Bricks are building materials that are used to make walls, pavements and other elements in masonry construction. The term brick referred to a substance composed of clay, but lately, it is now used to denote rectangular substances made of clay-bearing soil, sand, and lime, or concrete materials. Bricks are usually joined together using cement, adhesives or by interlocking them. There are two basic categories of bricks and they are fired and non-fired bricks.
The first brick was estimated to be made in the Middle East, between the Tigris and Euphrates rivers in what is now known as Iraq. Early builders relied on the abundant resources of natural materials to make their sun-baked bricks. These, however, were of limited use because they lacked durability and could not be used outdoors as the exposure to the elements caused them to disintegrate and fail. The Babylonians, who later dominated Mesopotamia, were one of the first to fire bricks, from which many of their mighty tower-temples were constructed.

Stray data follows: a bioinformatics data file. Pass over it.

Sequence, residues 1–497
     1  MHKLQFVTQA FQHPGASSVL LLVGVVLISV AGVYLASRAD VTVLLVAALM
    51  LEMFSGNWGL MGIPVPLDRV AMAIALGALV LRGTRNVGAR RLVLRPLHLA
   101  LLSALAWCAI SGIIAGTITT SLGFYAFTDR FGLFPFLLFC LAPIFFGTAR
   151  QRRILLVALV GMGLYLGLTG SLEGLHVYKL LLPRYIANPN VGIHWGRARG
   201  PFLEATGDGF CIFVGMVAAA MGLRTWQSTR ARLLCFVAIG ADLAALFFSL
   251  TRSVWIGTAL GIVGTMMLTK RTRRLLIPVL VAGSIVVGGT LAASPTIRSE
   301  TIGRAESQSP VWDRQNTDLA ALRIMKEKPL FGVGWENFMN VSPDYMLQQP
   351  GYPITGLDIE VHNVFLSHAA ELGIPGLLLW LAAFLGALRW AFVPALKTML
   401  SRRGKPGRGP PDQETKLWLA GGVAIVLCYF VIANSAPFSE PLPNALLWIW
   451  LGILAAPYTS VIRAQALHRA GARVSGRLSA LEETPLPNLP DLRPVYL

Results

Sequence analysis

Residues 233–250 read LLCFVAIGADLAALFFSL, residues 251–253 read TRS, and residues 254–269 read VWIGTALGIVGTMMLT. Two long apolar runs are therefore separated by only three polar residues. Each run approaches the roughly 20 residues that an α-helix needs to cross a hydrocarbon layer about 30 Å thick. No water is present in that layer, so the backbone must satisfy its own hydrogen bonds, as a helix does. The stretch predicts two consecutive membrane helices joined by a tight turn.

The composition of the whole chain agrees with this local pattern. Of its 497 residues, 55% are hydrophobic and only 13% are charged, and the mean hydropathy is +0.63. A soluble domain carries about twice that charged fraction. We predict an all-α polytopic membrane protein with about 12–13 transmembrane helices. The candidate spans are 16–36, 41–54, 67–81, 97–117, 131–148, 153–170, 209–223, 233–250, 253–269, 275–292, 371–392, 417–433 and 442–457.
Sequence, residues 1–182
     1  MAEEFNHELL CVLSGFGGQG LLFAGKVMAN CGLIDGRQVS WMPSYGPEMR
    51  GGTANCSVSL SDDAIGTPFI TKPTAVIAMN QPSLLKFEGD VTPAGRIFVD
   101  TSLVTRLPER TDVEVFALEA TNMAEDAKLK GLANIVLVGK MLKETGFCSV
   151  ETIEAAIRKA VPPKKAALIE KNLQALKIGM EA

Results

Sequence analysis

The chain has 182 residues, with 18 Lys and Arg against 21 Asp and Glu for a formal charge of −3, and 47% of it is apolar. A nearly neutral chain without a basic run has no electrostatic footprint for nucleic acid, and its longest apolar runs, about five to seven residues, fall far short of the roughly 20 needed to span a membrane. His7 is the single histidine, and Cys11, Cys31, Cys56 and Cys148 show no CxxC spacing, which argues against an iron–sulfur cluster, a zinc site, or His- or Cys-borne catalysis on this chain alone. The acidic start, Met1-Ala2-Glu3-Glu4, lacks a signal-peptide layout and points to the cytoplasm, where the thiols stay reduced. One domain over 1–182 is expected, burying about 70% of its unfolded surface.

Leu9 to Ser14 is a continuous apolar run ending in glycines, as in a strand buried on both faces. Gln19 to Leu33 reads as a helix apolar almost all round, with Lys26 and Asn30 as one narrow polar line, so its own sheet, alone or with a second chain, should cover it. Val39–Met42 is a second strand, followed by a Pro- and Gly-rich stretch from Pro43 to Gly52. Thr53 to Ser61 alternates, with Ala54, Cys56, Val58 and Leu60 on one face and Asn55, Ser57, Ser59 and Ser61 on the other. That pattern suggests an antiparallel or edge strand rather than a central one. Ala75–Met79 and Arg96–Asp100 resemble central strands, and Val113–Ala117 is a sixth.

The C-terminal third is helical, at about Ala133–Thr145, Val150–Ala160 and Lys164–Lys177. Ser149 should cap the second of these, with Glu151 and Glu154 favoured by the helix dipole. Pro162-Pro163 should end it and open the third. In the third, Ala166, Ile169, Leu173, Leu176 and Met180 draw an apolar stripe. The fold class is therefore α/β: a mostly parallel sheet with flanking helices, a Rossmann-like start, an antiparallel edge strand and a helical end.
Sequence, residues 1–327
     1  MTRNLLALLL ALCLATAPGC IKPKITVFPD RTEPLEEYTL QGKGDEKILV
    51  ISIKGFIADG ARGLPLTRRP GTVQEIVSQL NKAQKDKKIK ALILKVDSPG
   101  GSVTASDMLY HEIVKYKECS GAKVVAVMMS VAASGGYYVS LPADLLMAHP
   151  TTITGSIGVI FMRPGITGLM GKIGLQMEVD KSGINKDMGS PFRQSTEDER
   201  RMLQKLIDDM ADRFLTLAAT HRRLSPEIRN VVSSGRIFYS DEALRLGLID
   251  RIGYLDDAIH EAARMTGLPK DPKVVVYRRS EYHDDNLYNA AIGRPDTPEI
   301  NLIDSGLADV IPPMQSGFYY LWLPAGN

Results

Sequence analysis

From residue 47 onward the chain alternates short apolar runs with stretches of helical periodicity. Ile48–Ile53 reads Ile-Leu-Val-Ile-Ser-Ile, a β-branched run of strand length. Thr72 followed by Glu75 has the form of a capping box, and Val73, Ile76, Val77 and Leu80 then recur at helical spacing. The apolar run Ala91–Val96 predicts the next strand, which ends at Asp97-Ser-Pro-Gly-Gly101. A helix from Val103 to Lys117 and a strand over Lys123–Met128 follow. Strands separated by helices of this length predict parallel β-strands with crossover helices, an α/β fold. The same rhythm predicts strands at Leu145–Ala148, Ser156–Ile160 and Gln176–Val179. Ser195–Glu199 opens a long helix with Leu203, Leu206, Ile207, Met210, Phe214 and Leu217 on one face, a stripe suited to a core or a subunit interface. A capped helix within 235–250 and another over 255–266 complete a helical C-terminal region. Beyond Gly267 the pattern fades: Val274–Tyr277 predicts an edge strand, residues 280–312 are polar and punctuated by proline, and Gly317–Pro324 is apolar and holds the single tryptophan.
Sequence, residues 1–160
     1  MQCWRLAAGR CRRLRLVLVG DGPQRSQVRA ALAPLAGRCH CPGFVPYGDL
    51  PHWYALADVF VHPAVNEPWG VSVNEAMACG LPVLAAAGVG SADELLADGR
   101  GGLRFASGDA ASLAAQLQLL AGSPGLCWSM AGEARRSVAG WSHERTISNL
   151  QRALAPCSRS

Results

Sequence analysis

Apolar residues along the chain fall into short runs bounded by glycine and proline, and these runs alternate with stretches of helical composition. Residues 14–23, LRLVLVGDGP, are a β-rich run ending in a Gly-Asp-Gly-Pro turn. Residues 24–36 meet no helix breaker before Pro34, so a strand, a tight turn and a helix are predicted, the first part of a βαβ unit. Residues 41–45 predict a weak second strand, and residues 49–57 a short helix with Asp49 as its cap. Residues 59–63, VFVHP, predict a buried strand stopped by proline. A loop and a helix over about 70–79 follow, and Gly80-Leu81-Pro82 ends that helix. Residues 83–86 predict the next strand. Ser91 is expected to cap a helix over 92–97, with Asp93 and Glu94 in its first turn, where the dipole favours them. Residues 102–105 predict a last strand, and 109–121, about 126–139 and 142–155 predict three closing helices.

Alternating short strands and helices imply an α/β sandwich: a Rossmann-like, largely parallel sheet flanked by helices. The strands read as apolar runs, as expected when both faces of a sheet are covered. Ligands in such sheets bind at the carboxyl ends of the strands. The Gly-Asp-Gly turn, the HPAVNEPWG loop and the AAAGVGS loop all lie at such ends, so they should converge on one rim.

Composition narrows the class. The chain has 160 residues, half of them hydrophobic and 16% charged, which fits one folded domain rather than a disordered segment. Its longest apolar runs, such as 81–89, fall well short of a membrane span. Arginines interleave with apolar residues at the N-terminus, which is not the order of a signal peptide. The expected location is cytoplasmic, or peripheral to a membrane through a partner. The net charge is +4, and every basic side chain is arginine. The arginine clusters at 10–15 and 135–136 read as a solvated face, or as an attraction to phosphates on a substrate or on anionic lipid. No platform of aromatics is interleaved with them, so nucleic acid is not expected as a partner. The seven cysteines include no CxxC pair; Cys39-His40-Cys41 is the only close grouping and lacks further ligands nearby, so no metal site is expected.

There are two basic types of brick that are un-fired, fired. Each type is manufactured differently.
Unfired bricks are also known as mudbrick which are made from a wet, clay-containing soil mixed with straw or similar substances that bind them together. They are air-dried in the sun until ready for use.
Fired bricks are burned in a kiln which in turn causes them to be durable. Modern, fired, clay bricks are formed in one of three processes, namely, soft mud, dry press, or extruded.
Now in the modern days, bricks are made chemically as well which are lightweight and more durable than the traditional made ones. We will be writing a separate blog on those shortly.